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LETTERS TO EDITOR
Year : 2020  |  Volume : 14  |  Issue : 3  |  Page : 414-415

Regarding the paper published “Serratus anterior plane block: Anatomical landmark-guided technique”


Department of Onco.Anaesthesia and Palliative Medicine, Dr B.R.A IRCH, All India Institute of Medical Sciences, New Delhi, India

Correspondence Address:
Dr. Sachidanand J Bharati
Department of Onco-Anaesthesia and Palliative Medicine, Dr B.R.A IRCH, All India Institute of Medical Sciences, New Delhi
India
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Source of Support: None, Conflict of Interest: None


DOI: 10.4103/sja.SJA_220_20

Rights and Permissions
Date of Submission16-Mar-2020
Date of Acceptance17-Mar-2020
Date of Web Publication30-May-2020
 


How to cite this article:
Ahuja D, Biswas S, Bharati SJ. Regarding the paper published “Serratus anterior plane block: Anatomical landmark-guided technique”. Saudi J Anaesth 2020;14:414-5

How to cite this URL:
Ahuja D, Biswas S, Bharati SJ. Regarding the paper published “Serratus anterior plane block: Anatomical landmark-guided technique”. Saudi J Anaesth [serial online] 2020 [cited 2020 Sep 20];14:414-5. Available from: http://www.saudija.org/text.asp?2020/14/3/414/285436



Sir,

We read with great interest the article by Vadera et al. titled “ Serratus anterior plane block: Anatomical landmark-guided technique”.[1] Authors have explained the administration of serratus anterior plane block (SAPB) with the help of anatomical landmarks. The novel ultrasound-guided regional anesthetic technique, originally explained by Blanco et al. achieved complete paresthesia of the hemithorax[2] performed the serratus block at two different levels, i.e., one superficial and other deep to serratus anterior muscle in the midaxillary line on four female volunteers. The block achieved complete paresthesia of the hemithorax by block primarily the lateral cutaneous branches of the thoracic intercostal nerves (T2–T12). Hence, the block was found useful for surgeries involving incision on the anterolateral chest wall like chest drain insertion, breast surgery[3], and anterior thoracotomy.[4] With the help of ultrasound, three muscles namely latissimus dorsi, teres major, and serratus anterior were identified at the level of the fifth rib. The block needle was then introduced in-plane with respect to the ultrasound probe from supero-anterior to postero-inferior direction and the desired plane for injection of local anesthetic (LA) was targeted. However, in the landmark-guided technique for administration of deep SAPB, Vadera et al. have described the point of intersection of the fifth rib and midaxillary line as the needle insertion point. The blind insertion of the needle can lead to injury to the thoracodorsal artery that lies in the plane superficial to the serratus anterior muscle. As ultrasound helps in visualization of the thoracodorsal artery, it prevents both vascular injury and inadvertent injection of LA into the vessel. Furthermore, authors have described blind insertion and advancement of needle perpendicular to the skin in all planes to contact the fifth rib. Nevertheless, as the depth of rib from the skin is variable and depends upon the build of the individual, there is a high risk of occurrence of both pleural puncture and failure of block. Next, the authors have described withdrawing the needle tip by 1–2 mm after hitting the rib to reach fascial plane deep to serratus anterior muscle. But clinically it is difficult to accurately withdraw such a short length of needle, further increasing the risk of failure of localization of correct interfascial plane resulting in block failure. Moreover, the authors have explained LA dripping from needle hub upon disconnection of the syringe as an indicator of deposition of drug in correct plane and the absence of backflow of injected LA as an indicator of intramuscular injection. The presence or absence of backflow itself depends on a multitude of factors including volume of LA given, the speed with which LA is given, and the built of the patient. Backflow may be present in a muscular patient with a tight plane and absent in an elderly frail patient. The safety and efficacy of SAPB with easily recognizable sonoanatomy is lost if the block is performed without using ultrasound. To conclude, the interfascial SAPB should be preferably performed under ultrasound guidance. The correct administration of block provides adequate analgesia and prevents inadvertent catastrophic complications like pneumothorax.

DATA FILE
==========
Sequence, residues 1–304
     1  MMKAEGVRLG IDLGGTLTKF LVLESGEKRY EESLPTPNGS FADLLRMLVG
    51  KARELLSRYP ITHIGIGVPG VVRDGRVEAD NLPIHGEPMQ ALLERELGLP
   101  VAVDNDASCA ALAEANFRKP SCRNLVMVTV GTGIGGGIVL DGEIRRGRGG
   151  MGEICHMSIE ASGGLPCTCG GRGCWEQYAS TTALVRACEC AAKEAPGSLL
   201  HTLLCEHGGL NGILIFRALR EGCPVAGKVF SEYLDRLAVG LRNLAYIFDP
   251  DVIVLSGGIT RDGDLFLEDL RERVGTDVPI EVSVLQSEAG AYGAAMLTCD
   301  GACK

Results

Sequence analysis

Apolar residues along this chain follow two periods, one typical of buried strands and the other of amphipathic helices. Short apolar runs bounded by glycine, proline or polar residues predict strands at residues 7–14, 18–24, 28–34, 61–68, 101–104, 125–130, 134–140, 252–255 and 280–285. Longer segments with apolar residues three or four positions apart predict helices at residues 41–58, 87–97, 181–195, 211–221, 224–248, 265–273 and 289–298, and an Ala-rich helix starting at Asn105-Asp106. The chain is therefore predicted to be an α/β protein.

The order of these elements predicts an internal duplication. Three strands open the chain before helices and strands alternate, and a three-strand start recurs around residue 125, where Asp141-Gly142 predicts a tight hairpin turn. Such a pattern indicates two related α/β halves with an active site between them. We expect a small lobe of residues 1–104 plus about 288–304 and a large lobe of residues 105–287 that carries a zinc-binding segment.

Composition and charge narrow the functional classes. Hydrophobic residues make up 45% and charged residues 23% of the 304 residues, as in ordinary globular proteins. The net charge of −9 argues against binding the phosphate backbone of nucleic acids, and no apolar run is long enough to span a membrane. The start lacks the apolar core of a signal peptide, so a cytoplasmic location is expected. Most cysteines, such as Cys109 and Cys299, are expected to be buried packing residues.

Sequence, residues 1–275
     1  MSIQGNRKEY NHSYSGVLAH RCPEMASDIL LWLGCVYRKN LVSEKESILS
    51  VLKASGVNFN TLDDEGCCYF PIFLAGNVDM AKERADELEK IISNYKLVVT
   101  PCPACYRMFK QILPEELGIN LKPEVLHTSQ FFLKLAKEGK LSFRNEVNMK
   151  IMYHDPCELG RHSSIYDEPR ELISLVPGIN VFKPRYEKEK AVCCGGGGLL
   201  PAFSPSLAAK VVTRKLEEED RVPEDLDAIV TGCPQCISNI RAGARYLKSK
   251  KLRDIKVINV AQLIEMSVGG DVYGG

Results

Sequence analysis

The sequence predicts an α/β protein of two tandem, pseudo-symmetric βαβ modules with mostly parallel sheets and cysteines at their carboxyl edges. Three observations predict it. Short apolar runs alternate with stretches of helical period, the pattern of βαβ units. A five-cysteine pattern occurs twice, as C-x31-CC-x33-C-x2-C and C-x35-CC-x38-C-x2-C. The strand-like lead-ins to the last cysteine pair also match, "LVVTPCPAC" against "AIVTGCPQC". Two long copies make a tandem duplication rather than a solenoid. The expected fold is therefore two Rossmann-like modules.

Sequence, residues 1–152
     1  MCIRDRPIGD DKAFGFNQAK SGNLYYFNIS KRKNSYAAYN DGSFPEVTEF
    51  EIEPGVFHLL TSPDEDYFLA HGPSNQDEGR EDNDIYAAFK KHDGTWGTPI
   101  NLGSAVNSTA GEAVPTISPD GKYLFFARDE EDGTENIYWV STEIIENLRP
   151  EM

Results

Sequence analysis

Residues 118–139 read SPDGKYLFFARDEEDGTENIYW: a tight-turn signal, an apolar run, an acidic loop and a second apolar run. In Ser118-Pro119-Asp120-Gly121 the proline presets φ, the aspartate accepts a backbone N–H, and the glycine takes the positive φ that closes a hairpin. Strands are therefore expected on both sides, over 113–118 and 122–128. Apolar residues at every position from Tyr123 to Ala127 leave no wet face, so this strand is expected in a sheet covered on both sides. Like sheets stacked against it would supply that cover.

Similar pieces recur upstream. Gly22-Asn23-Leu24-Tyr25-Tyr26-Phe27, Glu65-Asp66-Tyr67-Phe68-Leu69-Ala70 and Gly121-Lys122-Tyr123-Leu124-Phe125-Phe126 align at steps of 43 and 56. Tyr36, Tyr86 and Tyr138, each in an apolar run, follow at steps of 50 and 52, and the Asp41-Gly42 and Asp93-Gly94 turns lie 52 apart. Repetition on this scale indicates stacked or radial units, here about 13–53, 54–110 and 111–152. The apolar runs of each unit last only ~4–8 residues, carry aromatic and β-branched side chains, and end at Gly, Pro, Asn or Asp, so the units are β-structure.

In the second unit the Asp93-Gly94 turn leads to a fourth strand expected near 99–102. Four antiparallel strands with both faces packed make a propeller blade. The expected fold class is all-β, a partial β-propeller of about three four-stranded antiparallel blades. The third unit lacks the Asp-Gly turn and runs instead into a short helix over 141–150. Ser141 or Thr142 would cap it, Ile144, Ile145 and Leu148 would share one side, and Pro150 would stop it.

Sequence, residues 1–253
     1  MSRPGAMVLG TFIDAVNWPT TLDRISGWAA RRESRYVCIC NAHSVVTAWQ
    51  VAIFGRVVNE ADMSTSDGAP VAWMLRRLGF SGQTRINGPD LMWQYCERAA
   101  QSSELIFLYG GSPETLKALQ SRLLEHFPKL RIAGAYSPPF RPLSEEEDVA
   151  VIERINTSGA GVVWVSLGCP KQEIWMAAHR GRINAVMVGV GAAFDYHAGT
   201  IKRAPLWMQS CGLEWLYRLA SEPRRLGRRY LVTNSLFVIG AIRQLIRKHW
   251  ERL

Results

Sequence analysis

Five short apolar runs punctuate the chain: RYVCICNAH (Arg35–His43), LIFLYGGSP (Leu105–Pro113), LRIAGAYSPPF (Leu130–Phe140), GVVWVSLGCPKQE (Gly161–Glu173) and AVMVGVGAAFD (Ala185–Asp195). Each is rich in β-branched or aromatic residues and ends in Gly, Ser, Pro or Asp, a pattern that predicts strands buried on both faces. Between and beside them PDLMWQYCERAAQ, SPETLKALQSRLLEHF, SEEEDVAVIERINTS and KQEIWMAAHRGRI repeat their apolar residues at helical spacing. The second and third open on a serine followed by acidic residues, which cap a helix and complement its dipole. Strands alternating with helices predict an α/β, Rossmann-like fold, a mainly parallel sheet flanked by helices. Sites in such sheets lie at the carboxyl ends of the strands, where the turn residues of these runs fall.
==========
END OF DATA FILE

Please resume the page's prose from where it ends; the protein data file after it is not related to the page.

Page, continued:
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Conflicts of interest

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  References Top

1.
Vadera HK, Mistry T, Ratre BK. Serratus anterior plane block: Anatomical landmark-guided technique. Saudi J Anaesth 2020;14:134-5.  Back to cited text no. 1
[PUBMED]  [Full text]  
2.
Blanco R, Parras T, McDonnell JG, Prats-Galino A. Serratus plane block: A novel ultrasound-guided thoracic wall nerve block. Anaesthesia 2013;68:1107-13.  Back to cited text no. 2
    
3.
Gupta K, Srikanth K, Girdhar KK, Chan V. Analgesic efficacy of ultrasound-guided paravertebral block versus serratus plane block for modified radical mastectomy: A randomised, controlled trial. Indian J Anaesth 2017;61:381-6.  Back to cited text no. 3
[PUBMED]  [Full text]  
4.
Vig S, Bhan S, Ahuja D, Gupta N, Kumar V, Kumar S, et al. Serratus anterior plane block for post-thoracotomy analgesia: A novel technique for the surgeon and anaesthetist. Indian J Surg Oncol 2019;10:535-9.  Back to cited text no. 4
    




 

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